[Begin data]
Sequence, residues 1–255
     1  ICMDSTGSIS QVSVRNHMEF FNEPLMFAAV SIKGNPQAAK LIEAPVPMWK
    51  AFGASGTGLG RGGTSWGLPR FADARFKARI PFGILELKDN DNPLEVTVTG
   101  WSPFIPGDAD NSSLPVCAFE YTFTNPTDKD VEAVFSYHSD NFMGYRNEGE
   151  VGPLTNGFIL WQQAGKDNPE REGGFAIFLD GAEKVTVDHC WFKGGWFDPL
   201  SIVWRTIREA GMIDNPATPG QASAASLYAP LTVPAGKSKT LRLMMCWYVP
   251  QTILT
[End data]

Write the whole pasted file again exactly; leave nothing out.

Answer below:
Sequence, residues 1–255
     1  ICMDSTGSIS QVSVRNHMEF FNEPLMFAAV SIKGNPQAAK LIEAPVPMWK
    51  AFGASGTGLG RGGTSWGLPR FADARFKARI PFGILELKDN DNPLEVTVTG
   101  WSPFIPGDAD NSSLPVCAFE YTFTNPTDKD VEAVFSYHSD NFMGYRNEGE
   151  VGPLTNGFIL WQQAGKDNPE REGGFAIFLD GAEKVTVDHC WFKGGWFDPL
   201  SIVWRTIREA GMIDNPATPG QASAASLYAP LTVPAGKSKT LRLMMCWYVP
   251  QTILT